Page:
Discussion in 'Astronomy, Exobiology, & Cosmology' started by paddoboy, Jan 8, 2015.

  1. paddoboy Valued Senior Member

    Has now been orbiting Saturn for 10.5 years.

    :Juno: Launched Aug 5 2011, arrive at Jupiter Jul 2016.

    :New Horizons: – launch Jan 19 2006, flyby of Pluto 14 Jul 2015.

    :Rosetta: In orbit around comet 67P/Churyumov–Gerasimenko since 6 Aug 2014, the lander Philae may or may not wake up as the comet approaches the Sun. End of mission Dec 2015.

    Dawn: To arrive Ceres 6 Mar 2015, expect a picture of Ceres on 26 Jan 2015 as it gets closer.

    Opportunity: – Launched 7 Jul 2003 and still alive. In Dec 2014, NASA reported that Opportunity was suffering from “amnesia” events in which the rover fails to write data in one of the rover’s seven memory banks. NASA aims to force the rover’s software to ignore the failed memory bank.

    :Curiosity: Still very active in Gale Crater. Mission officially “extended indefinitely”.

    :Mars Express: – On 19 Oct 2014, the ESA reported the Mars Express is healthy after the Comet Siding Spring flyby of Mars. Launched in Jun 2003, it’s had five mission extensions so far.

    Voyager 1 & 2 – Voyager 1 and Voyager 2 still alive and expected to last until 2025.

    :Messenger:– Due to die soon, but on 24 Dec 2014 NASA revealed a plan to extend the Messenger mission at Mercury an extra month by using its propulsion system pressurant for reaction control.

    :Akatsuki: Akatsuki was launched on 20 May 2010, by JAXA, and was planned to enter Venus orbit in Dec 2010. However, the orbital insertion maneuver failed and the spacecraft was left in heliocentric orbit. Another attempt will be made when it again approaches the planet in 2016.

    Venus Express – Launched Nov 2005, Venus Espress was shut down in Dec 2014 [ So Venus is currently un-observed].

    Look forward to BepiColombo. This is a joint mission of ESA and JAXA to the planet Mercury. The mission comprises two satellites to be launched together: the Mercury Planetary Orbiter (MPO) and the Mercury Magnetospheric Orbiter (MMO). The mission will perform a comprehensive study on Mercury, including its magnetic field, magnetosphere, interior structure and surface. It is scheduled to launch on 9 Jul 2016.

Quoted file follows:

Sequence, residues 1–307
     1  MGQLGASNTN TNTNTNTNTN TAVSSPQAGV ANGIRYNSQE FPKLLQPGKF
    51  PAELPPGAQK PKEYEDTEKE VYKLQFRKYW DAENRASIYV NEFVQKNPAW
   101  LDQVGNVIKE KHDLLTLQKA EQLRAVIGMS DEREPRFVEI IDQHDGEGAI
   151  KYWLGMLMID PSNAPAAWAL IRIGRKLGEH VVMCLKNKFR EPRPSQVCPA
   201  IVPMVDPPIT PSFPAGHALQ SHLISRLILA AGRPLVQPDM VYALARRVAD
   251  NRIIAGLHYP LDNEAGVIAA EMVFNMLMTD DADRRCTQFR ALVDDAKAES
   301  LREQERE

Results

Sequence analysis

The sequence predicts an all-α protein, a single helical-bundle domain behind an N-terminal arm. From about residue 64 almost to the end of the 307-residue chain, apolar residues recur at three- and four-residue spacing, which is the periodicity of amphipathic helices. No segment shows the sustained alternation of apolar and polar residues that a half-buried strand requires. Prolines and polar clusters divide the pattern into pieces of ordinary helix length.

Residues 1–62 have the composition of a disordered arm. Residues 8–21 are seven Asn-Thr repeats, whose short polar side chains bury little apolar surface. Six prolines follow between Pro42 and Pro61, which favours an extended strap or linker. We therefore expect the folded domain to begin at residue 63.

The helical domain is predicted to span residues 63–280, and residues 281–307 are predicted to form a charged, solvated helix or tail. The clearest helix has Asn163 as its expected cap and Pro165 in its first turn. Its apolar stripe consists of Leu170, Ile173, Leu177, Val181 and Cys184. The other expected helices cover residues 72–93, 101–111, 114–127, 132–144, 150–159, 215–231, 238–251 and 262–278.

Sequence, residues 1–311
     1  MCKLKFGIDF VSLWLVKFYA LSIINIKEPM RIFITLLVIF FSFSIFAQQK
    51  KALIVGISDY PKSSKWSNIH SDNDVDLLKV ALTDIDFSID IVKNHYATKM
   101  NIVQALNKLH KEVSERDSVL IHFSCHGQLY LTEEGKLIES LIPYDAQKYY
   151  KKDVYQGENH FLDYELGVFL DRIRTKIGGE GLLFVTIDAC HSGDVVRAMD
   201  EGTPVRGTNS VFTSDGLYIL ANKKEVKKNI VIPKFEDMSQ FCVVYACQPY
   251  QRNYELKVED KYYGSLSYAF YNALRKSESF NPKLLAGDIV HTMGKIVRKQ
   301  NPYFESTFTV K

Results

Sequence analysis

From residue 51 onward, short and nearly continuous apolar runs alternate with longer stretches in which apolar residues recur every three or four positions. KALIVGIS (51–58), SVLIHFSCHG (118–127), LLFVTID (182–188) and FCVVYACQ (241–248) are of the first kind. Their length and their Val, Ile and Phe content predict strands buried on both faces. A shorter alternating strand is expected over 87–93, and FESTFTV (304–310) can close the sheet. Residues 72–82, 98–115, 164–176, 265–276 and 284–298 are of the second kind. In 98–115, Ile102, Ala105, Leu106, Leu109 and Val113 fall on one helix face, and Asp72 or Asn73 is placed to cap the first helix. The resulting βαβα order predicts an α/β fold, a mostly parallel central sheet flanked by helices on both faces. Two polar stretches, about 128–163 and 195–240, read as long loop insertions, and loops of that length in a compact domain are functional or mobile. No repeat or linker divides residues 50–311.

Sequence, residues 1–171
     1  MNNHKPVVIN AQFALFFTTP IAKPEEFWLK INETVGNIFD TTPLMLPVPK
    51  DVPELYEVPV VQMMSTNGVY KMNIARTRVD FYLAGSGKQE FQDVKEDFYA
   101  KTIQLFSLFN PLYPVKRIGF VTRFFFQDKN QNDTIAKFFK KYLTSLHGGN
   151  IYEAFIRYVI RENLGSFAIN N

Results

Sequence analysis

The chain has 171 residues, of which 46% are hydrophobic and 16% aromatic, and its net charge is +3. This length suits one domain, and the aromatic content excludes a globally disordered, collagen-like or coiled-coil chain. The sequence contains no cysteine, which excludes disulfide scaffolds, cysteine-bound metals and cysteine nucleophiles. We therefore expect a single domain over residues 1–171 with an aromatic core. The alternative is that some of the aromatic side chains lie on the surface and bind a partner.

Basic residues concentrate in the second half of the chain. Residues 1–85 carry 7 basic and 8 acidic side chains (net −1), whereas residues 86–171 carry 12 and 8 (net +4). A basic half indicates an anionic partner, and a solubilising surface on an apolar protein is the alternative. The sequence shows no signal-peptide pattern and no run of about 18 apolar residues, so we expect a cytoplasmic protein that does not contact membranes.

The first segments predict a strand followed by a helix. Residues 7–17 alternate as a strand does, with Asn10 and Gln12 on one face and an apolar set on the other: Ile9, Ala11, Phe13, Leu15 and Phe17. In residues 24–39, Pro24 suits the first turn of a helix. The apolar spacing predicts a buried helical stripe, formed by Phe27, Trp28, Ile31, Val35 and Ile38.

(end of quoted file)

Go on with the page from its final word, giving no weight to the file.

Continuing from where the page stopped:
Mars Orbiter Mission is India’s first interplanetary mission. Launched on 5 Nov 2013, it has been orbiting Mars since 24 Sep 2014.

    Mars Odyssey is the oldest spacecraft orbiting Mars that is still operational. Launched 7 Apr 2001.

    Mars Reconnaisance Orbiter, launched 12 Aug 2005. Still operational.

    MAVEN, launched 18 Nov 2013, (Mars Atmosphere and Volatile EvolutioN Mission) arrived in a highly elliptical orbit around Mars on 22 Sep 2014. Operational.

    The above is a comprehensive list by a scientist on another forum that I found awesome and worth repeating.
    I think we can be rather proud.
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  3. cosmictraveler Be kind to yourself always. Valued Senior Member

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  5. Billy T Use Sugar Cane Alcohol car Fuel Valued Senior Member

    At least two of the most challenging ones in your list came from JHU/APL. I worked there for 30 years, 20 in the space department but mainly on implantable biomedical devices that have nearly a dozen requirements much like a space craft but I have been retired for 22 years.
    "APL has built and operated many spacecraft, including: the TRANSIT navigation system, NEAR, Geosat, ACE, TIMED, CONTOUR, MESSENGER, New Horizons, and STEREO. APL proposed the Titan Mare Explorer (TiME) mission to NASA. The asteroid 132524 APL has been named in honor of APL after a flyby by the New Horizons spacecraft." quote from: http://en.wikipedia.org/wiki/Applied_Physics_Laboratory